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  • Julian Chan

Get Here, if you can..

Sometimes (if not every time), I think it's a great idea to end the day with a great piece of music, regardless of genre or style.


I grew up with pop music in the 80s and 90s, and really pretty much went jazzhead after that. But it is the pop music of that era that has made a huge influence in my playing style and musical sensibilities. Call me soppy, but nothing beats playing a beautiful ballad. You can ask any great jazz musician (if you're really lucky, to ask any of the masters of jazz who are still alive today) - it's one of the hardest things to do. Sometimes it's used as a litmus test to test (young) musicians to see if they're mature or not.


Being a beginner saxophone student, growing up in Asia in the 80s and 90s, whose musical surroundings only came from over-the-air radio (and parents who bought instrumental jazz cassettes), it was not surprising that I grew up with the music of Kenny G and Dave Koz, and in the periphery of my parents' music collection, Grover Washington Jr, among others. Truth be told, my folks listened to instrumental music even before I got into it. I only began digging into their music collection of these instrumental artists after I picked up the saxophone in my early teens. They weren't necessarily jazz fans, per se, but they definitely enjoyed listening to this style of music. In this way, I give credit to my parents for planting that seed in me, which of course has led me to me becoming a professional saxophonist.


As a saxophonist, there's nothing more important to me than playing a good melody (good rhythm is, of course, implied), as that is my primary role as a musician. As I don't have lyrics to convey feelings, emotions, and musical intention, I only have single (line) notes and my saxophone sound to do so to my audience and listeners. That's why I gravitate towards songs with a good strong melody, and a lot of (good) pop* songs have so much of that. Even in the realm of jazz, musicians used popular songs of their day as vehicles of musical expression (which include improvisation, another topic for another day).


As with any era, the sound of popular music changes over time over different styles. Songwriting approaches are also very diverse. There are a lot of songs with stronger emphasis on lyrics than melody, and there are songs that do the opposite, and many more in between. There are loads of Youtube videos with young musical minds analysing the merits (or demerits) of modern popular music, so feel free to check them out. I'm not articulate enough to do so, lest I sound like a jazz snob or something (LOL!)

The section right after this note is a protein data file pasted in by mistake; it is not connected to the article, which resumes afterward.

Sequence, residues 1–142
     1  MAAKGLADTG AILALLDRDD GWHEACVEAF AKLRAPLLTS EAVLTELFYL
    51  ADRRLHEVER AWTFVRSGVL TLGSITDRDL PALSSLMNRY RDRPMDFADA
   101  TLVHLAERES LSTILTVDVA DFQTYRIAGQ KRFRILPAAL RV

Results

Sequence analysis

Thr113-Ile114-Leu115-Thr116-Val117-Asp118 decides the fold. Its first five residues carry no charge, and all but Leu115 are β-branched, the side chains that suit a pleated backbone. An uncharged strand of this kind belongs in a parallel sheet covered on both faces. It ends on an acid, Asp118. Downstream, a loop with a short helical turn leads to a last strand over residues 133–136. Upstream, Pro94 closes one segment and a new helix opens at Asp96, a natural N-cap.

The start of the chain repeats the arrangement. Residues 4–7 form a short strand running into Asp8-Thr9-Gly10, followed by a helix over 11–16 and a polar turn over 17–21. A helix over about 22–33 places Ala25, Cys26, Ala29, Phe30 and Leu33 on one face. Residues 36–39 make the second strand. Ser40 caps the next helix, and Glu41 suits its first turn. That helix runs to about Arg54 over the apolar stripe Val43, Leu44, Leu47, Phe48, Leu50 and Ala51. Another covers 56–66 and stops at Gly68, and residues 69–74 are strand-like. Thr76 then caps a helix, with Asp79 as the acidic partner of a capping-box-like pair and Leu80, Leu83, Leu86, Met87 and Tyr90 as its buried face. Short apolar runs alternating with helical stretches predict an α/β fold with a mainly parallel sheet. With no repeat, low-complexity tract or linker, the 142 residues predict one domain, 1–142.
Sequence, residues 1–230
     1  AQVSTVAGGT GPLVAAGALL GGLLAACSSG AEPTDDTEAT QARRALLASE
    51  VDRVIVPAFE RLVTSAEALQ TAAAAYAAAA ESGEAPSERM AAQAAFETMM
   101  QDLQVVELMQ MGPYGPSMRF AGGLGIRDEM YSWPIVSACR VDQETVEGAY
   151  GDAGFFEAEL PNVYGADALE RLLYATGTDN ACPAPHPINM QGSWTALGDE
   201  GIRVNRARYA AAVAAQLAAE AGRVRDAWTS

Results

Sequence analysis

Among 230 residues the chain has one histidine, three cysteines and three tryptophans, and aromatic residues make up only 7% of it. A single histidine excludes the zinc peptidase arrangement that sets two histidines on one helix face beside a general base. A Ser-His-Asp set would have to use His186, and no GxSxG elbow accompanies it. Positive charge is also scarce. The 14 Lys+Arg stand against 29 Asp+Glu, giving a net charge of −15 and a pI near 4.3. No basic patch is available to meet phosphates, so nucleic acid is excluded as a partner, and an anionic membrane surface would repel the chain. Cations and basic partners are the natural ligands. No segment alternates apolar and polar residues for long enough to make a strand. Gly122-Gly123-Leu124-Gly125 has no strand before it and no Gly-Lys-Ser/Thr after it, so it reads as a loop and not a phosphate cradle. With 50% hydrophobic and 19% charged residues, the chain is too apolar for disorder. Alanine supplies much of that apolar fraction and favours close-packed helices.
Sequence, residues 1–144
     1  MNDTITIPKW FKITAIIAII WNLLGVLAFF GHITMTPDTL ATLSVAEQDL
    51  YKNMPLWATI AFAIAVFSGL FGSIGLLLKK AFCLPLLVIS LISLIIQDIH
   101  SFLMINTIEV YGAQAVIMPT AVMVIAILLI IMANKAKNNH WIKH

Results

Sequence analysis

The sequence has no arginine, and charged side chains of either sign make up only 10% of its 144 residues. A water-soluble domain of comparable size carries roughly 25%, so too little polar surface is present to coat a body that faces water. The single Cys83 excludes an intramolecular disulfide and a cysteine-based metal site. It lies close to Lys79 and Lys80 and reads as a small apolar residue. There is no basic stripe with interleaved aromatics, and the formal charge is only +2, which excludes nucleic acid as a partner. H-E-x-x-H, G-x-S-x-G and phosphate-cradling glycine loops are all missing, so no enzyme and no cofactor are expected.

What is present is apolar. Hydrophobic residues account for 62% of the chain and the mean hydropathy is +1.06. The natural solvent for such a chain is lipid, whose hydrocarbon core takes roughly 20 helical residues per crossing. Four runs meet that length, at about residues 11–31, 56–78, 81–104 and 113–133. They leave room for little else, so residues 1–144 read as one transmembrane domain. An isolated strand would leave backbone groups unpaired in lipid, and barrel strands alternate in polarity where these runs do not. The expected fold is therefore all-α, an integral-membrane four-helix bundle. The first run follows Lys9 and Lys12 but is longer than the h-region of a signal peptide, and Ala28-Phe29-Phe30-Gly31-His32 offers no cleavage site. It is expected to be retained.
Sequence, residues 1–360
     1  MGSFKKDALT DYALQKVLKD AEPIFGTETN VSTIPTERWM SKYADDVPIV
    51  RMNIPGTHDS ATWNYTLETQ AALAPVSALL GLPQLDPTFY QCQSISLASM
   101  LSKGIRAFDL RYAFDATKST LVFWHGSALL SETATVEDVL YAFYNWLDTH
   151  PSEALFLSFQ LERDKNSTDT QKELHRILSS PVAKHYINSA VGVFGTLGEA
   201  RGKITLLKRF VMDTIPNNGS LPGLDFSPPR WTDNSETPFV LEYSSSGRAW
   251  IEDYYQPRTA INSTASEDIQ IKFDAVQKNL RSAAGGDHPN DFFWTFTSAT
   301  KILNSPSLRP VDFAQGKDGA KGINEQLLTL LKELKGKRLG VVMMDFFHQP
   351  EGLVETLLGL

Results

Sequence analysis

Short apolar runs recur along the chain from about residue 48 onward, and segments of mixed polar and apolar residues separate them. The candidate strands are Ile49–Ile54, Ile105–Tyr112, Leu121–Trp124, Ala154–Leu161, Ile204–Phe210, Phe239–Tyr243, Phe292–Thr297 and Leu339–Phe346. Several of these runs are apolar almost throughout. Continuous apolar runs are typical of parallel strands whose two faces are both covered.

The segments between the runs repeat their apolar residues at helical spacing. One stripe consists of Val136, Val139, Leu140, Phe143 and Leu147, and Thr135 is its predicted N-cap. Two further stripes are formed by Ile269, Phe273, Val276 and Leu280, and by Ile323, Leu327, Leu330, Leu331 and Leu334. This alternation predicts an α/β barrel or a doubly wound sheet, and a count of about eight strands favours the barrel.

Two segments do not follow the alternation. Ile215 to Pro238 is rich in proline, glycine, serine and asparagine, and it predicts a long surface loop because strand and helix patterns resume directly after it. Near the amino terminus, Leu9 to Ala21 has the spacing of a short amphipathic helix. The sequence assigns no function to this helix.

But for my personal taste and aesthetic, I generally like songs that have strong melodies. Strong melodies are melodies that doesn't require over-embellishment (or in many cases, a heavy use of melisma). These are the songs that when listened to enough, its melodies stick in your head for many years, and quite often elicit certain feelings and emotions when listened to again much later in the future. Great tunes make you feel something simply just from the merit of its songwriting! I often express to my students how challenging it is to play a pop tune (whether it's a vocal tune or a saxophone tune) without having to over-embellish it with too many notes or grace notes and nuances - many cover versions of pop tunes by Youtube sax players fall into that trap, and losing the essence of the song itself. This is where I like this acronym - KISS - keep it simple, stupid!


So, to end this pointless babble of a blog post, I'd like to share with you a great tune by the amazing Oleta Adams, "Get Here". I get goosebumps listening to this tune. I hope you enjoy it as much as I do (maybe I might cover it in one of my upcoming livestreams).



Have a good day ahead, and stay safe!


Love and blessings.

JC


*The label of "pop" songs I use is to imply popular songs rather than a particular radio format. So in my case, a good pop song can be anything from R&B, rock, soul, funk, etc.

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